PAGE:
It’s Wednesday and in Killingly that means teachers, students, and parents are wearing green to draw attention to the need to provide mental health supports in Killingly’s public schools. The Board of Education voted to deny students the help they need, ignoring the many cries for help, but community members are not giving up.
A survey in the fall found that nearly 15% of secondary students in Killingly had made a suicide plan and 28% had thoughts of hurting themselves. Despite these shocking statistics, the Board rejected a school-based health center that would have come at no cost to the district and been staffed by a local nonprofit, Generations School-Based Mental Health Center, providing therapy to students who often struggle to find mental health professionals in their rural community.
Speaking on behalf of the Killingly Education Association’s executive board, President Nicola Able told the Board of Education about the many students teachers see who are in crisis.
“We see too many students fail to reach their full academic potential due to their own personal mental health concerns,” she said. “We see students who are crying or shaking from panic attacks. We see high-performing students who are crumbling under the pressure of expectations. We see students who have difficulty even coming to school. Mental health is undeniably linked to academic success. It is incredibly difficult for anyone dealing with untreated mental health issues to learn.”
Killingly senior Seth Varin told the CT Mirror that the Board is putting politics over students.
“I want [the health center] for the future grades,” he said. “Even if it saves one person, I feel like it would be beneficial.”
Able urged the board to help remove barriers that prevent some families from accessing mental health care for their children.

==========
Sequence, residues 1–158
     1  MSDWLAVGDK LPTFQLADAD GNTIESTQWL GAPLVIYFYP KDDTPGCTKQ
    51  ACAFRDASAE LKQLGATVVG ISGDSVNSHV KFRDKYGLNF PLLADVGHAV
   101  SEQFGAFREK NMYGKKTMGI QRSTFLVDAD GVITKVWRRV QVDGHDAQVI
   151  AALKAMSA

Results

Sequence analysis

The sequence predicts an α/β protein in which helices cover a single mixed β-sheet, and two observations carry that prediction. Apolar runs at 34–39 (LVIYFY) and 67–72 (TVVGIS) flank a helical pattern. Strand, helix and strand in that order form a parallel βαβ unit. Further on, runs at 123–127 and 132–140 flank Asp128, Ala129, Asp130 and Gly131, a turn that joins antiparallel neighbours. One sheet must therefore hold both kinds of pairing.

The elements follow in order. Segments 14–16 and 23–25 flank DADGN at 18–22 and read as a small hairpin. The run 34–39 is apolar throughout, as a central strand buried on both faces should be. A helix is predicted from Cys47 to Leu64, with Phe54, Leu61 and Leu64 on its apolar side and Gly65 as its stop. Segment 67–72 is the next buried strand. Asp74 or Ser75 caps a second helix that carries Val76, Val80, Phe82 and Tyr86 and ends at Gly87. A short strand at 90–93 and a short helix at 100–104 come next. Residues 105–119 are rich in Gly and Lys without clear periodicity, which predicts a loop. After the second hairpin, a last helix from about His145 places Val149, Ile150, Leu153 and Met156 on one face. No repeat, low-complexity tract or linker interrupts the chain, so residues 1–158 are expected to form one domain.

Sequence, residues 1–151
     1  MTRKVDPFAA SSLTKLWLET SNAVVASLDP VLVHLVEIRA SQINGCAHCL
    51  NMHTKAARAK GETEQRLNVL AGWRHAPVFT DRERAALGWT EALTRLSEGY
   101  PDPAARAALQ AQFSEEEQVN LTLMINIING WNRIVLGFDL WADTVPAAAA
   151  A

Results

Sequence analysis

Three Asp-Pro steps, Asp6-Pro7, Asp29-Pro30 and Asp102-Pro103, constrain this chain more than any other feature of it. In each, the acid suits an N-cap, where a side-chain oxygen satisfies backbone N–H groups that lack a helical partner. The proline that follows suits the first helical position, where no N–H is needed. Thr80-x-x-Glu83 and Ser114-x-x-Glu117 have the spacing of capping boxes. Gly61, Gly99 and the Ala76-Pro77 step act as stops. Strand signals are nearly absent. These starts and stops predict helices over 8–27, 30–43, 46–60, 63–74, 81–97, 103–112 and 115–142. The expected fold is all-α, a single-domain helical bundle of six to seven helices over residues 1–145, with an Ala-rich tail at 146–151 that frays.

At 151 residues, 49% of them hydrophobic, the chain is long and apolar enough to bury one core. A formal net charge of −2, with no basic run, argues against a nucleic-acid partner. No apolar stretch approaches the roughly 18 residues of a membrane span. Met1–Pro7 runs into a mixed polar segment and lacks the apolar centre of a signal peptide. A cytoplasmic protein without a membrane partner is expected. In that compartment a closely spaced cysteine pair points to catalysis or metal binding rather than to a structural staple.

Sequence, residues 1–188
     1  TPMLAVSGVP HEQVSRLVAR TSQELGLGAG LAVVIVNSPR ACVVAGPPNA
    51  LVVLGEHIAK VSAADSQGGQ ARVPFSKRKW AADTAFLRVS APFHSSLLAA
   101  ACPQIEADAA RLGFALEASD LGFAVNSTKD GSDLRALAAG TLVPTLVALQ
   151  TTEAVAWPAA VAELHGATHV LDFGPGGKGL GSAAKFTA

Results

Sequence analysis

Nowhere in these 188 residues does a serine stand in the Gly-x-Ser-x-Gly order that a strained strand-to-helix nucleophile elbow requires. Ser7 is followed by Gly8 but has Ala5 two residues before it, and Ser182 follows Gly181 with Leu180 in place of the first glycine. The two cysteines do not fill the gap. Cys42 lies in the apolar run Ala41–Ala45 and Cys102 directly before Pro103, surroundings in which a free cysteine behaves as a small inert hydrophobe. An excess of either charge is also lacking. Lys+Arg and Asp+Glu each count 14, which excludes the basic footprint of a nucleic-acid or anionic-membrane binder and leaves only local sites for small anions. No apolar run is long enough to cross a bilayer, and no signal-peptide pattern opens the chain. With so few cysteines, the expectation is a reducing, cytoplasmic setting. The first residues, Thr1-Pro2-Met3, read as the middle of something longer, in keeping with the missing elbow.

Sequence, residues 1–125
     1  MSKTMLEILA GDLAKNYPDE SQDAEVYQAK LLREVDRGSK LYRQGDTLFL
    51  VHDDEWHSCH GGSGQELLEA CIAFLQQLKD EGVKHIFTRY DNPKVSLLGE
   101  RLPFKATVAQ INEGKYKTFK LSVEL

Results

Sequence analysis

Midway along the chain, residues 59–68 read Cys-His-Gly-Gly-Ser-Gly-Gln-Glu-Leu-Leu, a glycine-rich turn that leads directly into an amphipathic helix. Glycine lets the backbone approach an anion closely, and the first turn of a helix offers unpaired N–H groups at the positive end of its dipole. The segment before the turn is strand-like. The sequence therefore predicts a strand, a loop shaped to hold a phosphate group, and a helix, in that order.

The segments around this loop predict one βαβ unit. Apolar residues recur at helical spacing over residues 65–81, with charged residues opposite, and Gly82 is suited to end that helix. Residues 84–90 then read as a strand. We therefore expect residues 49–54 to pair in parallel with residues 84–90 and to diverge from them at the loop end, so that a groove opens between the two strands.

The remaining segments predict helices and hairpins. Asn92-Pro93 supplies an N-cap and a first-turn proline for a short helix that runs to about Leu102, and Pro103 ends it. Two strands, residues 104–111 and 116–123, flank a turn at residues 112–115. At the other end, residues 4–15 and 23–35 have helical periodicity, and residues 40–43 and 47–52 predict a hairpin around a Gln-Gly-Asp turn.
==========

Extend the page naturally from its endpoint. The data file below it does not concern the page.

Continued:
“Even with the school-based health center at the high school, parents can still choose their own providers if they have the means to schedule and transport their child, but we do have many families who would greatly benefit from access to this level of care,” she said.
“We have families without vehicles, and single-parent households where the need to bring home a paycheck and feed the family means that parent can’t take time off work to take their child to doctors’ appointments,” Able continued. “Those families deserve our support. If there is some way that we as a community can make it possible for students to get the services they need without missing school, shouldn’t we work to provide those services instead of placing further barriers?”
In an unusual move, after dozens of Killingly residents submitted a formal complaint to the state Department of Education, the state agreed to investigate the issue.
As they await the results of the state investigation, teachers, students, and parents aren’t giving up on the health center. They continue to come to rallies, wear green Mental Health Matters shirts every Wednesday, and speak up at Board of Education meetings, even when the health center is not on the agenda.
“We have an opportunity here to help more students, and we need to take advantage of this opportunity,” Able says. “Students who require and have access to mental health counseling are much more likely to perform in a classroom instead of shutting down, skipping class, or dropping out.”